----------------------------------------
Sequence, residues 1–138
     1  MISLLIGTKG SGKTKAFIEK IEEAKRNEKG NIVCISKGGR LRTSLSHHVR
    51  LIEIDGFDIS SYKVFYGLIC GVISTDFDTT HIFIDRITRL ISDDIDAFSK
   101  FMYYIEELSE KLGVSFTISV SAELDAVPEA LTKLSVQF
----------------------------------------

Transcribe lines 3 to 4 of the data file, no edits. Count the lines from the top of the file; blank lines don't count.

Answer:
    51  LIEIDGFDIS SYKVFYGLIC GVISTDFDTT HIFIDRITRL ISDDIDAFSK
   101  FMYYIEELSE KLGVSFTISV SAELDAVPEA LTKLSVQF